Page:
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Disposition, accumulation and toxicity of iron fed as iron (II) sulfate or as sodium iron EDTA in rats

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Author: Appel, M.J. · Kuper, C.F. · Woutersen, R.A.
Type:article
Date:2001
Institution: Instituut CIVO-Toxicologie en Voeding TNO
Source:Food and Chemical Toxicology, 3, 39, 261-269
Identifier: 57047
doi: doi:10.1016/S0278-6915(00)00137-X
Keywords: Nutrition · Animals · Body Weight · Coloring Agents · Diet · Eating · Edetic Acid · Ferric Compounds · Food Analysis · Iron · Male · Nonheme Iron Proteins · Rats · Rats, Sprague-Dawley · Time Factors · Tissue Distribution

Abstract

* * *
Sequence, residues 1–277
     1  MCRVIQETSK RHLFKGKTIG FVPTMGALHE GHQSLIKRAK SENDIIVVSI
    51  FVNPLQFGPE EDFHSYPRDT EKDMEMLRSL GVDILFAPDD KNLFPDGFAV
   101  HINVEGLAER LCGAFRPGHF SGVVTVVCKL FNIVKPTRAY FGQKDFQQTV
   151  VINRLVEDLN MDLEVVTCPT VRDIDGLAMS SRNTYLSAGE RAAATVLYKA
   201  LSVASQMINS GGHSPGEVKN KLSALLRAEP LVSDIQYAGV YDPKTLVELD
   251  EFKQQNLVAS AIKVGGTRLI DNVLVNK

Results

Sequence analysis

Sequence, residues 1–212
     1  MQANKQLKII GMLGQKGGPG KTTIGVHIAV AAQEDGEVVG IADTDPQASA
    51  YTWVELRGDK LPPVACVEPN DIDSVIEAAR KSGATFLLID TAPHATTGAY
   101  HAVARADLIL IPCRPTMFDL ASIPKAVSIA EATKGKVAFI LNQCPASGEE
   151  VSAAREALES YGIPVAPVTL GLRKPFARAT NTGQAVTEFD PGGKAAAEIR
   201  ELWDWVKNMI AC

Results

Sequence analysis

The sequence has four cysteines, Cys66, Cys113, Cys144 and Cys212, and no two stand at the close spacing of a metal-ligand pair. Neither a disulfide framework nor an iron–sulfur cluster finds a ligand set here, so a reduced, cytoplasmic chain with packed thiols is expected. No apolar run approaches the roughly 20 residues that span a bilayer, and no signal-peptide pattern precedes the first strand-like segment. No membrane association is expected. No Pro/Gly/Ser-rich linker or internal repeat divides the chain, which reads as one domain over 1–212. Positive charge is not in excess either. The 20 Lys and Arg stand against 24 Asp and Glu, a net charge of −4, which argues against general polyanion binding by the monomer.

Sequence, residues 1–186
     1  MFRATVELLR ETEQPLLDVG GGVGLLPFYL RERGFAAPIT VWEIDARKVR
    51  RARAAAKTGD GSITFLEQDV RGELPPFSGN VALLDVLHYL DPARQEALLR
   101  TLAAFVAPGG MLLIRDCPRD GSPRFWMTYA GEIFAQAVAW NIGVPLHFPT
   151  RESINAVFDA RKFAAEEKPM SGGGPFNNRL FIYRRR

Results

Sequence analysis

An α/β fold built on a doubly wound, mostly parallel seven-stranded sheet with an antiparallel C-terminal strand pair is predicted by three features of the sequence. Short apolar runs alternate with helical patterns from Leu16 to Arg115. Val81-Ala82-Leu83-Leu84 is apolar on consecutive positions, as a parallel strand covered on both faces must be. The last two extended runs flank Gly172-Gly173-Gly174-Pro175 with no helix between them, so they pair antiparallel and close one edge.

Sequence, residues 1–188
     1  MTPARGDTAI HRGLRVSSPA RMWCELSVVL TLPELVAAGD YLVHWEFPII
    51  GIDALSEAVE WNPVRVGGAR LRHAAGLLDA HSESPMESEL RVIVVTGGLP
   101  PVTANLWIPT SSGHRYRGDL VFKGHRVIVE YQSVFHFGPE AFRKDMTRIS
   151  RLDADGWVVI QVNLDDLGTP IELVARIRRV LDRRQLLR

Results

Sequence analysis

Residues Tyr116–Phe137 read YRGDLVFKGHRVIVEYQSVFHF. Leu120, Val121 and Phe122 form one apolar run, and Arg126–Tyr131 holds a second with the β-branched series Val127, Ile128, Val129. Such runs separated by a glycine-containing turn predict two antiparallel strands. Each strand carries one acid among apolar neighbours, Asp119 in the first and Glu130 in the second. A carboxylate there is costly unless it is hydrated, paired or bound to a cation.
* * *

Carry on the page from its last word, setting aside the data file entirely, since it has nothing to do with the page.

A study was performed to provide data on the disposition, accumulation and toxicity of sodium iron EDTA in comparison with iron (II) sulfate in rats on administration via the diet for 31 and 61 days. Clinical signs, body weights, food consumption, food conversion efficiency, hematology, clinical chemistry and pathology of selected organs were used as criteria for disclosing possible harmful effects. Determination of iron and total iron binding capacity in blood plasma and non-heme iron analysis in liver, spleen and kidneys were used to assess the disposition and accumulation of iron originating from sodium iron EDTA or iron (II) sulfate. It was concluded that, under the conditions of the present study, iron is accumulated from the diet in liver, spleen and kidneys in a dose-dependent manner, and iron derived from FeEDTA is taken up and/or accumulated less efficiently in liver and spleen than iron from FeSO4. Moreover, feeding iron up to 11.5 and 11.2 mg/kg body weight/day, derived from FeSO4 and FeEDTA, respectively, did not result in tissue iron excess nor in any other toxicologically significant effects. © 2001 Elsevier Science Ltd. Chemicals/CAS: Coloring Agents; Edetic Acid, 60-00-4; Fe(III)-EDTA, 15275-07-7; Ferric Compounds; ferric sulfate, 10028-22-5; Iron, 7439-89-6; Nonheme Iron Proteins